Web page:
“Sometimes the conversation is not even connecting because simply the words that they’re using have a different meaning to each group,” he said. “Sometimes they’re having completely different conversations even though they’re talking to each other.”
The chemical weapons programmes of World War I tleft behind unexploded munitions that governments are still cleaning up today, over 100 years later. Yet conversation centers on the scientists and their responsibilities, obscuring the strong role of decision-makers who enabled and incentivized chemists to apply their knowledge to war.
“Policy is really about values,” he said. “What are the values of a policymaker that decided for our security purposes we need chemical weapons? Scientists certainly have ethical responsibilities, but so do policymakers. Giving consideration to ethical issues benefits from a holistic view.”
It’s not as if chemical societies have ignored ethical concerns, Forman pointed out. The available material on ethics in chemistry from the scientific community is already so enormous it can be overwhelming. The drafters of the Hague Ethical Guidelines collected 142 different codes of conduct and ethics developed by chemical and scientific societies, chemical companies, and regulatory bodies. The available material comprised over 1,000 pages of text. But Forman said that when this compilation is discussed with policymakers, the most common response is that they didn’t know these codes exist or that the chemists had overthought the ethical issues.
“I think the key is communication across the science-policy divide, and that’s not an easy thing to overcome,” he said, noting that there are always variables outside of scientists’ control. “How do you speak to policymakers? Are they even willing to accept a scientific conversation? These questions brings out some passionate responses, particularly in our current environment where scientific concerns and technical realities are being politicized. Researchers don’t want to engage in a conversation where their words might get twisted and used against them.”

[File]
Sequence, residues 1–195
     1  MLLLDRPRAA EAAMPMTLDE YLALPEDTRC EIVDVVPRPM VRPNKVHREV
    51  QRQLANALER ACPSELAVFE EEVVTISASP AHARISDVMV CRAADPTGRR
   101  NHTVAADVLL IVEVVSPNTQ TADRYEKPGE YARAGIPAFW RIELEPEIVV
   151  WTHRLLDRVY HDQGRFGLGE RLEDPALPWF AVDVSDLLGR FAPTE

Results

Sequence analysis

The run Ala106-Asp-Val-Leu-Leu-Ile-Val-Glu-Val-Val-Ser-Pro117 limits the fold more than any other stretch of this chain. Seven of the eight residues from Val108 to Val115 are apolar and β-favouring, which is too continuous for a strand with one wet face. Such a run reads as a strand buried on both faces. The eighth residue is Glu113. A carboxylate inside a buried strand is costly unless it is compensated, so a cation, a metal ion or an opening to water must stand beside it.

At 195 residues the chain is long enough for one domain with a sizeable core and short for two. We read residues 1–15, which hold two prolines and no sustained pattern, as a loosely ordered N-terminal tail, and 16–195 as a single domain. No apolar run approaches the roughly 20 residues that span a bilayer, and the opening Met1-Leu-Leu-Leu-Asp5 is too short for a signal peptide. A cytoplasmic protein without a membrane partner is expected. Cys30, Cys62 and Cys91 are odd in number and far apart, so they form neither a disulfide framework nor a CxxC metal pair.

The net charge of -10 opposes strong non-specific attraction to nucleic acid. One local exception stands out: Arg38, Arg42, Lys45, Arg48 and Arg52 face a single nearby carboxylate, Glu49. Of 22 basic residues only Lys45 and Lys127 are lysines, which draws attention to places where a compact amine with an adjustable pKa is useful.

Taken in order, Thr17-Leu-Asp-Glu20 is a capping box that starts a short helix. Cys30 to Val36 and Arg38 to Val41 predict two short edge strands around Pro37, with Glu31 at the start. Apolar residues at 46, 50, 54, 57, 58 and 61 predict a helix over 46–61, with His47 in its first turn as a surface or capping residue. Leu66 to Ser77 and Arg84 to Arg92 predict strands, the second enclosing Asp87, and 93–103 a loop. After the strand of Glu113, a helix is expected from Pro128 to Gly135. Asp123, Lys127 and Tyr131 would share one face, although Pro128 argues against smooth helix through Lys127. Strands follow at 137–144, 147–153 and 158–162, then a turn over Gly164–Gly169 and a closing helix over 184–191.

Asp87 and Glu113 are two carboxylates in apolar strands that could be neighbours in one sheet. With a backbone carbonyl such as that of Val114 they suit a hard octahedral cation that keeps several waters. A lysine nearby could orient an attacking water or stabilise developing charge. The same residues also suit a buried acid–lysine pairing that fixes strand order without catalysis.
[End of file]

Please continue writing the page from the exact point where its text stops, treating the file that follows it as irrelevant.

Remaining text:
Bringing international ethics home
Workshop partcipants from the developing world said their experience in Trieste would help them raise awareness of ethics in the chemical sciences back in their home countries.
Imee Martinez, a chemistry professor and director for international linkages from the University of the Philippines in Diliman, said she came because her country is developing benefits and other incentives to lure diaspora scientists back home to the Philippines.
Scientists who understand internationally important knowledge on ethics are an important element ensuring that homegrown science is credible – and that can help attract the talent to return and work at home. So she’s planning to use the workshop to come up with ideas for an ethics syllabus that could be used by her government and university.
“We don’t actually have anything on ethics at all for our future chemists,” she said. “So that leads to the question, what kind of chemists are we actually training?”
Ramia Albakain, a chemist from the University of Jordan, said students never study courses in science diplomacy in her home country. But, she says, science diplomacy could help improve the university's curriculum, which in turn could help build its prestige. The ultimate dream is to have a special course on science diplomacy in chemistry for students.
“When I go back, I will make a presentation on what I learned from this workshop and try to build a strong ethic curriculum in my home university,” Albakain said. “I’ll explain that science diplomacy and ethics are needed for students and researchers. So this workshop was definitely helpful for me to know how to improve this in Jordan.”
Sindra Lutchmee Summoogum, a chemical and environmental engineer from the University of Mauritius, said the lessons of the workshop were useful because most researchers in the academic world are aware of ethics, but sometimes they might have difficulty communicating such values to students. She is also hoping to initiate a strong ethics curriculum in her home country.
“You sometimes need more courses and lectures to teach about ethics and applying them,” she said. “We don’t have a clear way to build an ethics curriculum yet, so this workshop was definitely helpful there.”